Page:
I sit snugly in the ‘wellness generation’, millennials and Gen Zs desperately seeking out new ways to look after our mental and physical health. Whether it is through fitness, astrology or growing plants, we’re always trying to reconnect with ourselves. Many of us have grown up with anxiety-inducing technology, all of which can feel disrupting and overwhelming.

I’m very impatient. I struggle to queue, and internally huff if someone meanders slowly in front of me on the street. I have a chaotic number of tabs open on my Internet browser, a sad reflection of the multitude of thoughts whirling around in my head. Switching off is a challenge when you’re locked into technology and social media that never stops. Plants have taught me patience in a world that moves at the speed of light. You can’t will a plant to putting the brakes on grow, or tell a tree how to bend. You can only nurture and care and wait.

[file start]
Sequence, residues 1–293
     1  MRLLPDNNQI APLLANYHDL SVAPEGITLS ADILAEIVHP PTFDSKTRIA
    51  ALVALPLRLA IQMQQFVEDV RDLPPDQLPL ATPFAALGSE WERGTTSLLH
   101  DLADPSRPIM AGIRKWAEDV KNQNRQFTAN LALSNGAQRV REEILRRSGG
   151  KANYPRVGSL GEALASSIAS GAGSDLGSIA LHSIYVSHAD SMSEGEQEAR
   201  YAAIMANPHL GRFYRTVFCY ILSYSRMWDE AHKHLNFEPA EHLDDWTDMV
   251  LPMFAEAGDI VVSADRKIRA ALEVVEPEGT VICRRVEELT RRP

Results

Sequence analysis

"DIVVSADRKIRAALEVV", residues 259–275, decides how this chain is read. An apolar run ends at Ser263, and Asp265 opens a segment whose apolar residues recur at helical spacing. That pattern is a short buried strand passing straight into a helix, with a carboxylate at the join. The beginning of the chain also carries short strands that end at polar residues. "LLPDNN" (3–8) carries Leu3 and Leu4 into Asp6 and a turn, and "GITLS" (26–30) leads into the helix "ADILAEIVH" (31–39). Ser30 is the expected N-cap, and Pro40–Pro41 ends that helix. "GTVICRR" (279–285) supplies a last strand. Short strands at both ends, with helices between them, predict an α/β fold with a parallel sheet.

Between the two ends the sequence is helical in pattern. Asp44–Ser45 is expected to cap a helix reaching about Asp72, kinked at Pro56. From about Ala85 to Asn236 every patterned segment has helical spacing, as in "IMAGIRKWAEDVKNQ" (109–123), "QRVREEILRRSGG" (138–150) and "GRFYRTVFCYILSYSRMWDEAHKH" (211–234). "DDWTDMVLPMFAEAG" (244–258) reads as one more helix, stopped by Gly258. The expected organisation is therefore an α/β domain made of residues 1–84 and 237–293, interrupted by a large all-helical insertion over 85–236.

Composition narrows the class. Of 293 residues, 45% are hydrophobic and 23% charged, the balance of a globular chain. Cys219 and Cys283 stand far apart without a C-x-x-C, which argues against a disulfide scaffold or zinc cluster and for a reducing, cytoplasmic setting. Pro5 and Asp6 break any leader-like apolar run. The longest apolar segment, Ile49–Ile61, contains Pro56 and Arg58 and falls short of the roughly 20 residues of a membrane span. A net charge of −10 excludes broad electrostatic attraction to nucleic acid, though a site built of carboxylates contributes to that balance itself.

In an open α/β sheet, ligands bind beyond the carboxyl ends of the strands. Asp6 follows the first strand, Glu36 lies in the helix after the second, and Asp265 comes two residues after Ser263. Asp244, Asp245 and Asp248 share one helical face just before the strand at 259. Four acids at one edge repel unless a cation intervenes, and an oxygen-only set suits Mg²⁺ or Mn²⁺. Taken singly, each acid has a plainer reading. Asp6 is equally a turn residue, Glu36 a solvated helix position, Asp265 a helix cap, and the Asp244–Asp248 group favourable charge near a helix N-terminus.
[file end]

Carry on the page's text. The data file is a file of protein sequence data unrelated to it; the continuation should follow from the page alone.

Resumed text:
Gardening truly is the cheapest form of therapy. Caring for my plants has become a way for me to care for myself, not just in the generic millennial ‘self-care’-via-a-bubble-bath kind of way, but really forcing me to put the brakes on. I think of the words of Audre Lorde: ‘Caring for myself is not self-indulgence, it is self-preservation, and that is an act of political warfare.’

Extracted from ‘Putting the Brakes On’ by Niellah Arboine, part of the essay collection In the Garden: Essays on Nature and Growing, published by Daunt Books